The federal Bureau of Alcohol, Tobacco, Firearms and Explosives received 340,000 requests from local law enforcement last year to trace guns used in crimes.
The center averages about 1,000 law enforcement requests per day, said Charles Houser, chief of the Tracing Center.
Contrary to popular belief, there is no computerized database the ATF can search to find a gun owner. The ATF uses 20th century technology -- the telephone -- to first call the company that made the firearm.
"We have to have them look into their records and tell us what they did with it," Houser said. "And we follow the chain of distribution of the firearm all the way until we find a retail purchase."
That's where the ATF stops the trace. After the bureau finds the first buyer, he said, it's up to local police to connect the rest of the dots to a crime scene.
The tracing center successfully completes 70 percent of its trace requests, Houser said. But there are several reasons why a gun trace is unsuccessful. Sometimes the gun is old and doesn't have a serial number. Before the federal Gun Control Act of 1968, manufacturers were not required to give each gun an individual serial number.
Houser said the most common reason a trace is unsuccessful is because the law enforcement agency gives an inaccurate description of the make and model of the gun. Sometimes, the reporting agency can't tell what kind of gun it is. To aid in identification, the tracing center keeps a library of more than 12,000 firearms.
The tracing center keeps as many different makes and models of guns as needed for reference purposes, said John Spencer, chief of the Firearms Technology Branch for ATF. He oversees the tracing center's firearm library, a collection that contains everything from homemade, single shot devices crafted from flashlights and belt buckles, to anti-tank and anti-aircraft guns used in wars around the world.
"This not a museum -- by no means -- this is an actual working collection," Spencer said.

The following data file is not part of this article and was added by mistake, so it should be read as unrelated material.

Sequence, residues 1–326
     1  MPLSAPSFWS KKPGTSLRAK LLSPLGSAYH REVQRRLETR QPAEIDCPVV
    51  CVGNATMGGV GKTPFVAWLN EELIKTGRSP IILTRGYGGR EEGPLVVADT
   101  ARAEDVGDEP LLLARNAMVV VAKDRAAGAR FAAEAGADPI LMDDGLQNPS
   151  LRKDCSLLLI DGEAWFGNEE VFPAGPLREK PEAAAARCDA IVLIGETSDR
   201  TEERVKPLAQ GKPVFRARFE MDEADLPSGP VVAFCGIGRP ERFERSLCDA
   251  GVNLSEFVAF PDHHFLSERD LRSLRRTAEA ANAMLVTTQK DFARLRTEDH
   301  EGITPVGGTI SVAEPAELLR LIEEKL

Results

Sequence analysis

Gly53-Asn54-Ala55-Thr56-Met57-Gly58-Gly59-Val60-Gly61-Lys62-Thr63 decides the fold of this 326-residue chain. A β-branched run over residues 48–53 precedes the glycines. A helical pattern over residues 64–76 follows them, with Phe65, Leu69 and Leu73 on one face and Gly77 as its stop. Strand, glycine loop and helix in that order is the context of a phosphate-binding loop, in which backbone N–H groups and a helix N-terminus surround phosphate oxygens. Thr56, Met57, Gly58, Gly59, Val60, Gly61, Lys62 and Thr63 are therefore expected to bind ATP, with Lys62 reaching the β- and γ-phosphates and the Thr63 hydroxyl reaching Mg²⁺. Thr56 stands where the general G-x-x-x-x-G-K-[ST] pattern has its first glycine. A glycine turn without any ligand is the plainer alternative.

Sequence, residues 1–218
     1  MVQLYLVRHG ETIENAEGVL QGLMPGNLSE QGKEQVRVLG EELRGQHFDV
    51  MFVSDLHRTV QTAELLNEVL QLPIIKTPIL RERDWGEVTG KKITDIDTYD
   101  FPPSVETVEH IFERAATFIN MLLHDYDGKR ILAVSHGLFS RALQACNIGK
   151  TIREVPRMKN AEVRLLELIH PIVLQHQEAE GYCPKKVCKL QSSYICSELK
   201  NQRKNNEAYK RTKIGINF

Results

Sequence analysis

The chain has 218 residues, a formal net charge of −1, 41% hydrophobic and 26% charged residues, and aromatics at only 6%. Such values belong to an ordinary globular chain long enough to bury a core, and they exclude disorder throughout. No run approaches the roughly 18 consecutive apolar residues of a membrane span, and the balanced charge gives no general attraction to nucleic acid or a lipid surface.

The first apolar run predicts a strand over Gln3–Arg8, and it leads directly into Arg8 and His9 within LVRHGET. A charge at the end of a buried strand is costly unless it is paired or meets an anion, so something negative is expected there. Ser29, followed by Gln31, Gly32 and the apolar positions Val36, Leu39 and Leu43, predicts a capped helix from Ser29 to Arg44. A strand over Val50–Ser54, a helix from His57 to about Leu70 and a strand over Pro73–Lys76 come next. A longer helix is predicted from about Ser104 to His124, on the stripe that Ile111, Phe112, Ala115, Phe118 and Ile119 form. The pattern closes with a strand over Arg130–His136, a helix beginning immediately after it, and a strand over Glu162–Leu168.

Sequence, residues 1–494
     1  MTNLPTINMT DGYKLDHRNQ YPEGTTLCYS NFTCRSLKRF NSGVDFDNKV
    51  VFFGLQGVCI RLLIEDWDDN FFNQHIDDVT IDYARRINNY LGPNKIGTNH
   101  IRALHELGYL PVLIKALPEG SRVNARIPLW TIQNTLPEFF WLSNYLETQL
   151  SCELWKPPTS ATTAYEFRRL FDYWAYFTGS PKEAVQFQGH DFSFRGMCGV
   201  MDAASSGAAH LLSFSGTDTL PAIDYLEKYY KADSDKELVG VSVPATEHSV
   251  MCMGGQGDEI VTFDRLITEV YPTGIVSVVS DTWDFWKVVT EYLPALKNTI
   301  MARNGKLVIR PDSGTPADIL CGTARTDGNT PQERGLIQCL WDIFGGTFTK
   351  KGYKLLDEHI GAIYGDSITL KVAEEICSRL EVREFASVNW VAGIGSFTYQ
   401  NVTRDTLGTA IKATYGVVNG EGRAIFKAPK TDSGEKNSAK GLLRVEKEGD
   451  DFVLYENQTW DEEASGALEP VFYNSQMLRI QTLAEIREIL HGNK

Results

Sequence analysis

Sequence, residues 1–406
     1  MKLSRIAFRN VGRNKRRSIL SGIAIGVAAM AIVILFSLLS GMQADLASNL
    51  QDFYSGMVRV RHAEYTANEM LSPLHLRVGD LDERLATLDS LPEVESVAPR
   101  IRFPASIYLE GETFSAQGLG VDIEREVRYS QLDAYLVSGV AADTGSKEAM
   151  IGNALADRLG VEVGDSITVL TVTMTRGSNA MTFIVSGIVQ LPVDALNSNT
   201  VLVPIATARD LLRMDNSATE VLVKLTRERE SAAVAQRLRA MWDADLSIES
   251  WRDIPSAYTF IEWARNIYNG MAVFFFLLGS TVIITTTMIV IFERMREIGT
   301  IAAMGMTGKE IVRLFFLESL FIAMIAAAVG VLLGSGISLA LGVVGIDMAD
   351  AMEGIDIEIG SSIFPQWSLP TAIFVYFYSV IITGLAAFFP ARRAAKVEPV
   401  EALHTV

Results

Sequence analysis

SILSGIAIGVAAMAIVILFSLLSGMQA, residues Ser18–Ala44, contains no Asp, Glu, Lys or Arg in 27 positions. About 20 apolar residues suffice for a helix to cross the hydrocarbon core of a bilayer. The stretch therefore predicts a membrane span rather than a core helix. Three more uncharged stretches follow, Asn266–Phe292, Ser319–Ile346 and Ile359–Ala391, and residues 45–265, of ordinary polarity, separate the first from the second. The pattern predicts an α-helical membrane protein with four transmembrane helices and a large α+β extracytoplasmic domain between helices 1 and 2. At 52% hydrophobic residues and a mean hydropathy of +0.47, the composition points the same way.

He said sometimes ATF personnel are called on by local law enforcement to help identify a weapon an officer hasn't seen before.
"We get calls from say, a state trooper on the side of the road who says, 'Hey, I've got this interesting firearm, I don't know what it is.' " Spencer said. "Lot of times they can take a quick picture. They can actually email it to us and we ... can come in here and have an item out of the collection to compare it to."
Many of the weapons in the library have been taken off the streets by local officers. Some are military weapons in here -- including a gold-plated AK-47 with an Arabic inscription indicating that it is a "gift from Saddam Hussein." The ATF calls those "bring backs" -- *mementos* brought to the United States *by* soldiers who fought in foreign wars.
In a third of trace requests, the chain of distribution leads to a gun store or pawn shop that's gone out of business, Houser said. Under federal law, a licensed firearms dealer that goes out of business has to send paper records to the tracing center.
Many gun stores don't stay in business long, because the Tracing Center receives an average of 1.2 million paper records every month.
The records, each of which must be scanned into an ATF computer, come to the tracing center in brown boxes that are stacked along a wall. It takes a staff of 100 people working two shifts five days a week -- from 6 a.m. to midnight -- to keep up.
Houser said there have been times when the tracing center didn't have enough room to hold the boxes. So they've rented shipping containers the size of box cars and put them in the parking lot for temporary storage.
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